I like to frame personal knowledge management as a combination of seeking knowledge, making sense of it, and sharing it with others. This simple model has worked well in explaining the main concepts of PKM and helping others to individually construct a set of processes to make sense of the world and work more effectively. Two key factors are sense-making and sharing, which I have shown on the image below.
While the upper right quadrant is where we might think we should put our efforts, it stands to reason that not all of us can work there for all the facets of our lives. Sometimes we are merely seeking something very quickly, at other times we may share without much thought, and there are times we want to keep our sense-making private, as we mull over new ideas. We are also limited to the amount of time we have to put a lot of thought into everything we do. Sometimes it is best to leave that to others.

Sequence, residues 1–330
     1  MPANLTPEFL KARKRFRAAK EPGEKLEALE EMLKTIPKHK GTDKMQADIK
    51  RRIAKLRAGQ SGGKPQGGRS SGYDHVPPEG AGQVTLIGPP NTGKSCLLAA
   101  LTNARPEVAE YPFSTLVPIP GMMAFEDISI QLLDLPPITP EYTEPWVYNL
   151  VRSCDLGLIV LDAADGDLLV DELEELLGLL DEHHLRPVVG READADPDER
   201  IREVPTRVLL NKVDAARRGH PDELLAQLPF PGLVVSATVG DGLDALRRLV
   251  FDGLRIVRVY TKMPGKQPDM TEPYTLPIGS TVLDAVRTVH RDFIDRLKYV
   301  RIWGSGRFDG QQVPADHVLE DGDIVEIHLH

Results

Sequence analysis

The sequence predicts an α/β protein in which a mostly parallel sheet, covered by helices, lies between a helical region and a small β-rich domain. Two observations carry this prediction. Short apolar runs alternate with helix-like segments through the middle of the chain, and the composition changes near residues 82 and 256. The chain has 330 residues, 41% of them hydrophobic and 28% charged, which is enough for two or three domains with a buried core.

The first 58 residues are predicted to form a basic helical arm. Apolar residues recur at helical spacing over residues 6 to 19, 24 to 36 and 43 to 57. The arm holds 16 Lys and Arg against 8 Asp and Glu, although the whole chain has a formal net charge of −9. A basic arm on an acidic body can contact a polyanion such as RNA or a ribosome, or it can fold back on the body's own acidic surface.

Over 10 years ago Patrick Lambe wrote a very good guide on the various roles one can have in PKM.
Most people treat PKM as if it’s a full suite of skills that everybody now needs to have: skills like identifying sources of knowledge, searching, navigating, analyzing, organizing, linking, mapping, converting back and forth between tacit (head) knowledge and explicit (written down) knowledge, relationship building skills, communication, presentation, knowledge packaging, and so on. But in fact, like most things, different people have different personality types, and different personality profiles in relation to their personal knowledge affinities and capabilities. – PKM: A DIY Guide to Knowledge Management
The roles of Creator and Critic are the most important in sense-making, but there is valuable work for others in disseminating information. So what roles do you engage in? Do you know how to find knowledgeable people in a field? If you are working with others, what role can you play in your group or network? Is everyone conscious of the sense-making and knowledge-sharing activities and practices in the network? If not, how can you identify any gaps in the knowledge flows? Perhaps these frameworks can help.
Mapping the Culture of an Online Community (perfiles de usuarios)